Michael Burry exits stakes in 6 banks after betting big amid regional bank crisis

Michael Burry, who famously shorted subprime mortgages ahead of the 2008 financial crisis, closed out the majority of his regional bank trade in the second quarter, filings with SEC revealed Monday.

Burry’s hedge fund Scion Asset Management zeroed out stakes in Western Alliance (WAL), Huntington Bank (HBAN), PacWest (PACW), and First Republic (FRCB) during the second quarter.

First Republic was seized by the Federal Deposit Insurance Corporation and sold to JPMorgan & Chase at the beginning of May. PacWest agreed to merge with rival Bank of California (BANC) in late July in a deal set to close next year.

In the first quarter, Burry spent more than $23 million betting on financial stocks during a quarter in which Silicon Valley Bank (SVB), Signature Bank, and Silvergate all went under in a matter of days.

Scion also closed out positions in Capital One (COF) and Wells Fargo (WFC), both of which were opened during the first quarter of this year.

Scion also trimmed 76% of its holdings in New York Community Bancorp (NYCB), the regional lender which acquired $38.4 billion in assets belonging to Signature Bank from the FDIC in a $2.7 billion deal.

During the second quarter, the SPDR S&P Regional Banking ETF (KRE) fell about 7%, lagging the broader Financial (XLF) sector and the S&P 500, which rose 5.4% and 8.4%, respectively, over the same period.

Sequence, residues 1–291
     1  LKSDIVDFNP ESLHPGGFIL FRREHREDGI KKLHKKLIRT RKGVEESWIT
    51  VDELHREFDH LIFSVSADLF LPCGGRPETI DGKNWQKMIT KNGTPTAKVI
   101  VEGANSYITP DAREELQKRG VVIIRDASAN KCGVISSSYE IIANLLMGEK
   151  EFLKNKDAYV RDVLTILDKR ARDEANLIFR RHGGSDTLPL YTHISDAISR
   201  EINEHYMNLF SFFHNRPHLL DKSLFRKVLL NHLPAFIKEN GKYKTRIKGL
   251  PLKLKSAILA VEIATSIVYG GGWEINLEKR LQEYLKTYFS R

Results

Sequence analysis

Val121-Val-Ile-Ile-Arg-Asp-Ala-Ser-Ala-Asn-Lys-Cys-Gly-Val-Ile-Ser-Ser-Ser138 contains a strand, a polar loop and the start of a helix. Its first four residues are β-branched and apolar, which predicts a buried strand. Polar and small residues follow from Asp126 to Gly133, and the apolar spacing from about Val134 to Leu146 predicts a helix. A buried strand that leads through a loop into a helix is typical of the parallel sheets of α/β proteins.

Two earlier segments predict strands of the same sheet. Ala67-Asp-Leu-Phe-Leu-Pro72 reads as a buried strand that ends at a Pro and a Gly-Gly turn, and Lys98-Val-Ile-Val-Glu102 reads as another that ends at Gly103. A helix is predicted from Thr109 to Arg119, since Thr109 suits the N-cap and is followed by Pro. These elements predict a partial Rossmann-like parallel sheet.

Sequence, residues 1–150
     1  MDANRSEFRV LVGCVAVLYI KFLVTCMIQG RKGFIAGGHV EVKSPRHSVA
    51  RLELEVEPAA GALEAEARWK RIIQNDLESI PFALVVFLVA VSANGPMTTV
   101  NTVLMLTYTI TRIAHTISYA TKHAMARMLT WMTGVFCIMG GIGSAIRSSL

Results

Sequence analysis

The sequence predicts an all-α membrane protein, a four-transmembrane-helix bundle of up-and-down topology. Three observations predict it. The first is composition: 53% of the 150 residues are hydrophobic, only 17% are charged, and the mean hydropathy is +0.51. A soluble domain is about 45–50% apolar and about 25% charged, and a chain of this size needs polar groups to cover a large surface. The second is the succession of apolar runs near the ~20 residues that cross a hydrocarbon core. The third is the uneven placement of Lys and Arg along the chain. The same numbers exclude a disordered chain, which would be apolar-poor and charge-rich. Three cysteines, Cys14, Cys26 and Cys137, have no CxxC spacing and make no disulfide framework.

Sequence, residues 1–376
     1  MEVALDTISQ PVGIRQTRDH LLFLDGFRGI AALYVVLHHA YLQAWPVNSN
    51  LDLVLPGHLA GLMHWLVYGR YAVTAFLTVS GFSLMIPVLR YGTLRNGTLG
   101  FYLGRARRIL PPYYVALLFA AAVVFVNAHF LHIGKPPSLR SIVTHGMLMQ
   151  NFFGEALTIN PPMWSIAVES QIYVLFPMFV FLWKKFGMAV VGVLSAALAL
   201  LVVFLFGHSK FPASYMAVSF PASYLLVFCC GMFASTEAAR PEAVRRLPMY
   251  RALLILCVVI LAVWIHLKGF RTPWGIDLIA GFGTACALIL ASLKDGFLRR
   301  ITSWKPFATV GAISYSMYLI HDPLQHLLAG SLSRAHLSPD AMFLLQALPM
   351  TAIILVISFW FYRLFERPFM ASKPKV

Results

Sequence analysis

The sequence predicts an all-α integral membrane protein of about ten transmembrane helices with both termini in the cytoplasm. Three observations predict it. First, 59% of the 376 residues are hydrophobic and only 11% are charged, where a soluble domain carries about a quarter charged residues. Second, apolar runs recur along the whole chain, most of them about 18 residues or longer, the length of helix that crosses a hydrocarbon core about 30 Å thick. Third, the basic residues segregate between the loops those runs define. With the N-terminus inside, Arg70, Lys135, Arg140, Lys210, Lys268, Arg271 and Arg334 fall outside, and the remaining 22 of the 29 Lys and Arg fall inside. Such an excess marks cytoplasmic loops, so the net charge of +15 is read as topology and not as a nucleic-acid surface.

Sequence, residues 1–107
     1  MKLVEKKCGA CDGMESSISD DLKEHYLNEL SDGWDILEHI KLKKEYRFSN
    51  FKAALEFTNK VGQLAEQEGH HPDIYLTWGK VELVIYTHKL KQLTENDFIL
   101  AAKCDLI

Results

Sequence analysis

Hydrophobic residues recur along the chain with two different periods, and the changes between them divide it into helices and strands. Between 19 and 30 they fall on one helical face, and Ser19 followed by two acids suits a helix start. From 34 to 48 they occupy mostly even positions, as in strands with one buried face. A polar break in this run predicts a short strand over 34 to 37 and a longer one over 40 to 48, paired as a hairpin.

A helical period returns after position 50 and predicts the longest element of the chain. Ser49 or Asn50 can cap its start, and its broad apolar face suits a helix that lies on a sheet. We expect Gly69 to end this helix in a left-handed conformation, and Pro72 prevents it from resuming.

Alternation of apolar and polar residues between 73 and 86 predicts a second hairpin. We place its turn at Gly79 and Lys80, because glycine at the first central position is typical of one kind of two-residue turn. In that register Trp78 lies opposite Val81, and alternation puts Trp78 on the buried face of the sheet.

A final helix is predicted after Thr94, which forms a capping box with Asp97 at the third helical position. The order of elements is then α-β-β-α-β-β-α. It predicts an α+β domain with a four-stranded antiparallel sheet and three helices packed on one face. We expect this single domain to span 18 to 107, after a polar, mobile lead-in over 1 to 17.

Shares of Western Alliance rose about 5.5% during the second quarter, while Huntington stock fell about 2% and PacWest dropped 13%, a move that came before the company’s merger announcement.

During the second quarter, Scion also sold out of its positions in Chinese e-commerce and tech companies Alibaba (BABA) and JD.com (JD).

Scion did not immediately respond to requests for comment on the investments.

Burry gained fame for his moves during the 2008 crisis, predicted and then profiting from a collapse in residential real estate prices as early as 2007. He was portrayed as a central figure in Michael Lewis’s 2010 book “The Big Short.” Christian Bale later portrayed him in a 2015 film adaptation of the Lewis book.

NEW YORK, NY - NOVEMBER 23:  Michael Burry attends the

Michael Burry attends the “The Big Short” New York premiere at Ziegfeld Theater on November 23, 2015 in New York City. (Photo by Jim Spellman/WireImage)

Other notable investors including major hedge funds Bridgewater Associates, the world’s biggest, and quantitative trading pioneer Renaissance Technologies adjusted their banking exposure in the second quarter.

Bridgewater sold its remaining positions in regional banks US Bancorp (USB), M&T Bank (MTB), and First Horizon Bank (FHN) after getting rid of 15 other positions in US lenders in the first quarter. It did, however, raise its holdings in Citigroup (C) and investment bank Jefferies (JEF) while also opening a small position in Capital One and nearly doubling its stake in Bank of New York Mellon (BK), according to filings from Friday.

Renaissance Technologies was a net buyer of banks in the the second quarter, according to its filing. The firm opened a sizable position in Bank of America (BAC) as well as a smaller position in San Antonio, Texas-based regional lender Cullen Frost (CFR) while cutting its exposure to Bank of New York Mellon and Deutsche Bank AG (DB).

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